Type IV secretion systems mediate conjugative plasmid transfer as well as the translocation of virulence factors from various gram-negative pathogens to eukaryotic host cells. The translocation apparatus consists of 9 to 12 components, and the components from different organisms are believed to have similar functions. However, orthologs to proteins of the prototypical type IV system, VirB of Agrobacterium tumefaciens, typically share only 15 to 30% identical amino acids, and functional complementation between components of different type IV secretion systems has not been achieved. We here report a heterologous complementation in the case of A. tumefaciens virB1 defects with its orthologs from Brucella suis (VirB1s) and the IncN plasmid pKM101 (TraL). In contrast, expression of the genes encoding the VirB1 orthologs from the IncF plasmid (open reading frame 169) and from the Helicobacter pylori cag pathogenicity island (HP0523) did not complement VirB1 functions. The complementation of VirB1 activity was assessed by T-pilus formation, by tumor formation on wounded plants, by IncQ plasmid transfer, and by IncQ plasmid recipient assay. Replacement of the key active-site Glu residue by Ala abolished the complementation by VirB1 from B. suis and by TraL, demonstrating that heterologous complementation requires an intact lytic transglycosylase active site. In contrast, the VirB1 active-site mutant from A. tumefaciens retained considerable residual activity in various activity assays, implying that this protein exerts additional effects during the type IV secretion process.  (+info)

Impairment of intramacrophagic Brucella suis multiplication by human natural killer cells through a contact-dependent mechanism. (7/78)

Brucella spp. are facultative intracellular bacteria that can establish themselves and cause chronic disease in humans and animals. NK cells play a key role in host defense. They are implicated in an early immune response to a variety of pathogens. However, it was shown that they do not control Brucella infection in mice. On the other hand, NK cell activity is impaired in patients with acute brucellosis, and recently it was demonstrated that human NK cells mediate the killing of intramacrophagic Mycobacterium tuberculosis in in vitro infection. Therefore, we have analyzed the behavior of Brucella suis infecting isolated human macrophages in the presence of syngeneic NK cells. We show that (i) NK cells impair the intramacrophagic development of B. suis, a phenomenon enhanced by NK cell activators, such as interleukin-2; (ii) NK cells cultured in the presence of infected macrophages are highly activated and secrete gamma interferon and tumor necrosis factor alpha; (iii) impairment of bacterial multiplication inside infected cells is marginally associated with the cytokines produced during the early phase of macrophage-NK cell cocultures; (iv) direct cell-to-cell contact is required for NK cells to mediate the inhibition of B. suis development; and (v) inhibition of B. suis development results from an induction of NK cell cytotoxicity against infected macrophages. Altogether, these findings show that NK cells could participate early in controlling the intramacrophagic development of B. suis in humans. It seems thus reasonable to hypothesize a role for NK cells in the control of human brucellosis. However, by impairing the activity of these cells in the acute phase of the illness, the pathogen should avoid this control.  (+info)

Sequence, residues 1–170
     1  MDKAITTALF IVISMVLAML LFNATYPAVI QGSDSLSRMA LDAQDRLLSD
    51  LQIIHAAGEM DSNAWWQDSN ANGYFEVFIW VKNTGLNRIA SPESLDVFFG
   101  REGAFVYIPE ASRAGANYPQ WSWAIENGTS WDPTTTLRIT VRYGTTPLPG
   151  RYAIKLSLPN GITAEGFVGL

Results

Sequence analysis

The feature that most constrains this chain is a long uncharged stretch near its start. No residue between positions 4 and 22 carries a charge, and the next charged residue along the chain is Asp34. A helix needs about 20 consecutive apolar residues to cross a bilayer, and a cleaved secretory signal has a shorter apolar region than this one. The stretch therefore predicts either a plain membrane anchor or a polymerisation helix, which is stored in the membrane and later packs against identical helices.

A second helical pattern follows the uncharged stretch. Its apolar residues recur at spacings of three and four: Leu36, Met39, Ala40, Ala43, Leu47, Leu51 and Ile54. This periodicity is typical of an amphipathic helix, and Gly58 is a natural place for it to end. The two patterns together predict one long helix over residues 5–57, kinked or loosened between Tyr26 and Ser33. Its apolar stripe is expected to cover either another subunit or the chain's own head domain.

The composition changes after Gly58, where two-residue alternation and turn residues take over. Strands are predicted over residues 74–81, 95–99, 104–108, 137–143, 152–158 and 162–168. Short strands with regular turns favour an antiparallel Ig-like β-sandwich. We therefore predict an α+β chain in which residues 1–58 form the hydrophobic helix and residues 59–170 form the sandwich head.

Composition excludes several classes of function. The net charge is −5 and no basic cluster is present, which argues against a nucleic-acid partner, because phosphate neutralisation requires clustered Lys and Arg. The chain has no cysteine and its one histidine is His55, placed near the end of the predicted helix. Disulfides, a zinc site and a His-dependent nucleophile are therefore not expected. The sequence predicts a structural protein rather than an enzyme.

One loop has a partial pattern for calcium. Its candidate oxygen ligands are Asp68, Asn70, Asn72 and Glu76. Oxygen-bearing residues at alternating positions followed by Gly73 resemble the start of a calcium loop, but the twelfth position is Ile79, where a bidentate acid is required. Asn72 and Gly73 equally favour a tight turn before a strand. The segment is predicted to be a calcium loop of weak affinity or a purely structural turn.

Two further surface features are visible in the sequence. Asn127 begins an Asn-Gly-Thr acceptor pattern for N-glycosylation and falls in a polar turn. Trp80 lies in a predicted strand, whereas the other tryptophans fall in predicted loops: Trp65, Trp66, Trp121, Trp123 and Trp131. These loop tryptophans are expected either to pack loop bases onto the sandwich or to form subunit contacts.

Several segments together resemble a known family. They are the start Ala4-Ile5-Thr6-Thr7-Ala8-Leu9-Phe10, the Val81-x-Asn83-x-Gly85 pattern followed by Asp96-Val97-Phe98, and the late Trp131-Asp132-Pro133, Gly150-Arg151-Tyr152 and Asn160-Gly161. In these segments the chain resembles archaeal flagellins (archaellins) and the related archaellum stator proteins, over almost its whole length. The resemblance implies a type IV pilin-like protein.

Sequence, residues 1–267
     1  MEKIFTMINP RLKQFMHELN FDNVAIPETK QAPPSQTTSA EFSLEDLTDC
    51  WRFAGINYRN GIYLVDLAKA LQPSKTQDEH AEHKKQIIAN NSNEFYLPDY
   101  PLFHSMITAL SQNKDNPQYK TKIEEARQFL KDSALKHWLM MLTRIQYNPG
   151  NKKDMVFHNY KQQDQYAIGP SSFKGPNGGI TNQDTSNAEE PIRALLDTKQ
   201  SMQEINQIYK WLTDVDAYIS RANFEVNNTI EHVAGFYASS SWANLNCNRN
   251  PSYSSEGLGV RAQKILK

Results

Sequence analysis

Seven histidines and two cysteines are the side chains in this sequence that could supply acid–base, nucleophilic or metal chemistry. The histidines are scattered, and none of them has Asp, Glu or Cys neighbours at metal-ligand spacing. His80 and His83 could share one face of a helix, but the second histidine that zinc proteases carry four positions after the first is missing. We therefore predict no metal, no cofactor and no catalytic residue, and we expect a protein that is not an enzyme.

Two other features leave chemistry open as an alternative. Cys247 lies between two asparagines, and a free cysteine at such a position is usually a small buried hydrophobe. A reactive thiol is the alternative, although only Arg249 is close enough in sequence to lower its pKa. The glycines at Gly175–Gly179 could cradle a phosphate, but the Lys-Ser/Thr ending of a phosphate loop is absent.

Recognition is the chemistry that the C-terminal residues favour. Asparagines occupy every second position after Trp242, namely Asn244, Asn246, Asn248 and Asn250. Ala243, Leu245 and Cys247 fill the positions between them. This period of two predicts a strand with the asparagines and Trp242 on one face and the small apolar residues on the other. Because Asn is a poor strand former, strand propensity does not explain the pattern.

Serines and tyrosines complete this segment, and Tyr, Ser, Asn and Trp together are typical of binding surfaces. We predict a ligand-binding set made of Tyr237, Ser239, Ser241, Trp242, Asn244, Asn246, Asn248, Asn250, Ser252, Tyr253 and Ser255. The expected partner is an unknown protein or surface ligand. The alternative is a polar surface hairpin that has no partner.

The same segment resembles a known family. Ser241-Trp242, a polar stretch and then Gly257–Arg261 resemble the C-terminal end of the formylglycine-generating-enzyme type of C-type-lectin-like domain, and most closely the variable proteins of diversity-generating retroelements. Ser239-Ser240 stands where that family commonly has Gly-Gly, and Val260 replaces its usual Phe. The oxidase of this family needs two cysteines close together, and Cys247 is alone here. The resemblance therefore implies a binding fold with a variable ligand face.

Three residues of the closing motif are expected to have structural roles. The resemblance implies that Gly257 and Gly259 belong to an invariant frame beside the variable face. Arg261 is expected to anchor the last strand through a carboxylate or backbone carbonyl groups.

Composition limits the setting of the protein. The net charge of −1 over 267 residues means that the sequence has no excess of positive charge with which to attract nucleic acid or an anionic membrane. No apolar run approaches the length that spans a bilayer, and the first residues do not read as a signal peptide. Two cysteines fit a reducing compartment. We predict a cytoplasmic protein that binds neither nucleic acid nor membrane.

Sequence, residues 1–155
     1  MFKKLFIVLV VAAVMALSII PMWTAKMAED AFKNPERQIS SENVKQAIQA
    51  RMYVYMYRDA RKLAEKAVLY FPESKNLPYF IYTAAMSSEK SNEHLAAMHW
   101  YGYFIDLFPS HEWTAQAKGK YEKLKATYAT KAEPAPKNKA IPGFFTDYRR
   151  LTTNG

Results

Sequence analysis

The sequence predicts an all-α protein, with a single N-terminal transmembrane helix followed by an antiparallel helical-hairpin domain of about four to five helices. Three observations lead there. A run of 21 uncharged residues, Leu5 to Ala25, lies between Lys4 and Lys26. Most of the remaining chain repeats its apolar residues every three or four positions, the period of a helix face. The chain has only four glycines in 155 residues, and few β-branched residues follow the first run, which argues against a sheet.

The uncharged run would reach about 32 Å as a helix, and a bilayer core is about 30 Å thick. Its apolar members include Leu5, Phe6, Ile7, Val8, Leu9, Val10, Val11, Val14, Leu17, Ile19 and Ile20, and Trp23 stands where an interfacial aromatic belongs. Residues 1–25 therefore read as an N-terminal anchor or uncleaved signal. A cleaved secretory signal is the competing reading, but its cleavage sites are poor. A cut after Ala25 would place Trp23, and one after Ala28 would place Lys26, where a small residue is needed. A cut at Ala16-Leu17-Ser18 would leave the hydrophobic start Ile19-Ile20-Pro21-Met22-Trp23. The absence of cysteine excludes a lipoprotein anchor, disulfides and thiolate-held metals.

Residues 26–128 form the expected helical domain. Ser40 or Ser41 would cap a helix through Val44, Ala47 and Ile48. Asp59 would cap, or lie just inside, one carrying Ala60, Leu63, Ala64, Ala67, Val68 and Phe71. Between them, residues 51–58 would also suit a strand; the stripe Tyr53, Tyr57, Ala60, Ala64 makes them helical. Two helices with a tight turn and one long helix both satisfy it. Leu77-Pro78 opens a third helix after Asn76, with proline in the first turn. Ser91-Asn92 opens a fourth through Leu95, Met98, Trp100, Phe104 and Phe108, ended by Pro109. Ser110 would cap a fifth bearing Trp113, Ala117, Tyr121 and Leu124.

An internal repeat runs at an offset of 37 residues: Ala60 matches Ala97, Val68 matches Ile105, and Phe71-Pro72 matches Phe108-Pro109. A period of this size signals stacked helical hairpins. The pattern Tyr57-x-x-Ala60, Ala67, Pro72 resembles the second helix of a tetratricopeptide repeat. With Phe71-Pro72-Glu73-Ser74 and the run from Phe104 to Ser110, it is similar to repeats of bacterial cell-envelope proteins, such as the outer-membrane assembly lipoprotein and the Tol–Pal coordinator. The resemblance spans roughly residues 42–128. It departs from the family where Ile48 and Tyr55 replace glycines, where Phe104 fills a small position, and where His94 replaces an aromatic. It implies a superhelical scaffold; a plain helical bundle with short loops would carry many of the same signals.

Different responses of macrophages to smooth and rough Brucella spp.: relationship to virulence. (8/78)

By comparing smooth wild-type Brucella strains to their rough mutants, we show that the lipopolysaccharide (LPS) O side chain of pathogenic Brucella has a dramatic impact on macrophage activation. It favors the development of virulent Brucella by preventing the synthesis of immune mediators, important for host defense. We conclude that this O chain property is firmly linked to Brucella virulence.  (+info)